\qquad
\qquad
\left[ \matrix {
1 & 4 & 2 \\
2 & 2 & 3 \\
3 & 2 & 4
} \right]
\qquad
\qquad
\overrightarrow{\text{Inverse}}
\qquad
\left[ \matrix {
\;\;\;\; 1 & -6 & \;\;\;\; 4 \\
\;\;\;\; 0.5 & -1 & \;\;\;\; 0.5 \\
\;-1 & \;\;\; 5 & \;-3
} \right]
\]
So \(\left( {\bf{A}}^{\!-1} \right)^T\) does indeed equal \(\left( {\bf{A}}^T \right)^{\!-1}\).
Matrix Addition
Matrices and tensors are added component by component just like
vectors.
This is easily expressed in
tensor notation.
\[
C_{ij} = A_{ij} + B_{ij}
\]
Matrix Multiplication (Dot Products)
The dot product of two matrices multiplies each row of the first by each column
of the second. Products are often written with a dot in matrix notation as
\( {\bf A} \cdot {\bf B} \), but sometimes written without the dot
as \( {\bf A} {\bf B} \). Multiplication
rules are in fact best explained through
tensor notation.
\[
C_{ij} = A_{ik} B_{kj}
\]
(Note that no dot is used in tensor notation.) The \(k\) in both factors automatically implies
\[
C_{ij} = A_{i1} B_{1j} + A_{i2} B_{2j} + A_{i3} B_{3j}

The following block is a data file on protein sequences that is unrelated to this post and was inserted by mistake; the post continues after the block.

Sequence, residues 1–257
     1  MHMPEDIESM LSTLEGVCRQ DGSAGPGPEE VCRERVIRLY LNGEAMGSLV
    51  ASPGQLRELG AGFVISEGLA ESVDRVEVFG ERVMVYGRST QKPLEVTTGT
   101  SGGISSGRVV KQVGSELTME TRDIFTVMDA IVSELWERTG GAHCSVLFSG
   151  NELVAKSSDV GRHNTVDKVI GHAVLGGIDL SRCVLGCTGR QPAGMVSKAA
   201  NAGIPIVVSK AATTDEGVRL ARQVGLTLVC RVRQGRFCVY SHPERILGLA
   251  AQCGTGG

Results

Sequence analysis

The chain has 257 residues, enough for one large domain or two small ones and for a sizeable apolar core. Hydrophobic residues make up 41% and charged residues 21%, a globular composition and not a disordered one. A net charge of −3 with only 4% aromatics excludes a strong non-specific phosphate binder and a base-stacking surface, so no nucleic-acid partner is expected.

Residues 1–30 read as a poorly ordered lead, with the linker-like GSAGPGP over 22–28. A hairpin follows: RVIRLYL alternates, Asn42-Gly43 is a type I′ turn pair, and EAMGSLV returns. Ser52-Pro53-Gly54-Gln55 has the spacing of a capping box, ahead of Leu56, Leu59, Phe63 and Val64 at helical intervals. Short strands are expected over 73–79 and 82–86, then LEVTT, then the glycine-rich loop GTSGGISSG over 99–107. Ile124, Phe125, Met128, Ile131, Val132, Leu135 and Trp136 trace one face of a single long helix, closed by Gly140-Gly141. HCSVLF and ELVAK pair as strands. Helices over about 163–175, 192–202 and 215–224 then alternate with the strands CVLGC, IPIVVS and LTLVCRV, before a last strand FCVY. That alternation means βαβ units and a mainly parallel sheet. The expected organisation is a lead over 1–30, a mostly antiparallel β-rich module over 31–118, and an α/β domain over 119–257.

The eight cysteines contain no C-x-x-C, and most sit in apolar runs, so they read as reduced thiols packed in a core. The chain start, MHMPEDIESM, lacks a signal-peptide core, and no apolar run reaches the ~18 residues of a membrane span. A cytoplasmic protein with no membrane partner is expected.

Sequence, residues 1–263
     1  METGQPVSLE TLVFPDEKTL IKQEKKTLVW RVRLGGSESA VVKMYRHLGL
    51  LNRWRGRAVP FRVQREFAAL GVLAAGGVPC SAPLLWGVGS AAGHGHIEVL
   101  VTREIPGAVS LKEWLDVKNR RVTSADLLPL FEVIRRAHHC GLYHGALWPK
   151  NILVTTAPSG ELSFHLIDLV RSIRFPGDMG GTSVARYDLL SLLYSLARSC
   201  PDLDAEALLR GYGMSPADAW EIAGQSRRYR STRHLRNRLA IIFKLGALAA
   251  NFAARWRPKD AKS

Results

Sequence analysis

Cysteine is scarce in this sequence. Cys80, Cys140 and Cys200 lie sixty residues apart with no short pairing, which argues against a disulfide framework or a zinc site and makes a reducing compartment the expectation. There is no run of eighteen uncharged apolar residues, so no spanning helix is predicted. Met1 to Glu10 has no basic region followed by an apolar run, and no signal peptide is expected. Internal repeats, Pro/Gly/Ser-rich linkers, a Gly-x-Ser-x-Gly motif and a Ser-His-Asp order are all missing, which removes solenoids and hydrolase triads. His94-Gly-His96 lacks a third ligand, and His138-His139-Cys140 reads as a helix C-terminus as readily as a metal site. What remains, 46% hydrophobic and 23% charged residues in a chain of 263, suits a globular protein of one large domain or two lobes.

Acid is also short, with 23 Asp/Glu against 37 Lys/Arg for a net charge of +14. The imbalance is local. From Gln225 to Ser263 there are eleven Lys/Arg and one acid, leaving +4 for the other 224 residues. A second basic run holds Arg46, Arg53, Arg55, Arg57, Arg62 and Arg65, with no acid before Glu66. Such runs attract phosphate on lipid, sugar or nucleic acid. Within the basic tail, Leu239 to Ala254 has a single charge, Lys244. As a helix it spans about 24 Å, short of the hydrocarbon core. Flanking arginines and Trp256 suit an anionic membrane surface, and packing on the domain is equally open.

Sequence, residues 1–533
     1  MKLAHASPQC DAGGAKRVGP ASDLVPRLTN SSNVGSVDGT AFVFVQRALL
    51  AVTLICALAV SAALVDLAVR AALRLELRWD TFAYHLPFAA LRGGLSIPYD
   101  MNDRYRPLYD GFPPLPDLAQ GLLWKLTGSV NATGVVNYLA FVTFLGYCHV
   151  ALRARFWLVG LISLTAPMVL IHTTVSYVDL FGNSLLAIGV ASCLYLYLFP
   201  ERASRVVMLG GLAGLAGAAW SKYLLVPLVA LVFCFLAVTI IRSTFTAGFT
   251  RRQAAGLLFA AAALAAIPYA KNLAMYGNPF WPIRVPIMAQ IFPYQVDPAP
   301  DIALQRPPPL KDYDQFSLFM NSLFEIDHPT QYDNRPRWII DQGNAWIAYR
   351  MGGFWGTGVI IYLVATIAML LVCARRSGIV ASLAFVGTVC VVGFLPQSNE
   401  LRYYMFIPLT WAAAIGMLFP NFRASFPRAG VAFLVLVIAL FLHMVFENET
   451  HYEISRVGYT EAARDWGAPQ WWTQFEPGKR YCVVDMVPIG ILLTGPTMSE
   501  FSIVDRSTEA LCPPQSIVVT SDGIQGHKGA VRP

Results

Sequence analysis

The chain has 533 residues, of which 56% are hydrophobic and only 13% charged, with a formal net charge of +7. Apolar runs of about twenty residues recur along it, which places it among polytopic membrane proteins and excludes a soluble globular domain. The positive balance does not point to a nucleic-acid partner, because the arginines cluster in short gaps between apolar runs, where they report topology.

\]
which is the i
^{th} row of the first matrix multiplied by the j
^{th} column of the
second matrix. If, for example, you want to compute \(C_{23}\), then \(i=2\) and \(j=3\), and
\[
C_{23} = A_{21} B_{13} + A_{22} B_{23} + A_{23} B_{33}
\]
Dot Product Example
If \( \quad {\bf A} = \left[
\matrix {
1 & 2 & 3 \\
4 & 2 & 2 \\
2 & 3 & 4
} \right] \quad
\)
and
\( \quad {\bf B} = \left[
\matrix {
1 & 4 & 7 \\
2 & 5 & 8 \\
3 & 6 & 9
} \right] \quad
\)
then
\( \quad {\bf A} \cdot {\bf B} \) =
\[
\left[
\matrix {
1 & 2 & 3 \\
4 & 2 & 2 \\
2 & 3 & 4
}
\right]
\left[
\matrix {
1 & 4 & 7 \\
2 & 5 & 8 \\
3 & 6 & 9
}
\right]
=
\left[
\matrix {
14 & 32 & 50 \\
14 & 38 & 62 \\
20 & 47 & 74
}
\right]
\]
Matrix Multiplication Webpage
This page calculates the dot product of two 3x3 matrices.
Tensor Notation and Computer Programming
Another advantage of
tensor notation
is that it spells out for you how to write
the computer code to do it. Note how the subscripts in the FORTRAN example
below exactly match the tensor notation for \(C_{ij} = A_{ik} B_{kj}\).
This is true for all tensor notation operations, not just this matrix dot
product.
subroutine aa_dot_bb(n,a,b,c)
dimension a(n,n), b(n,n), c(n,n)
do i = 1,n
do j = 1,n
c(i,j) = 0
do k = 1,n
c(i,j) = c(i,j) + a(i,k) * b(k,j)
end do
end do
end do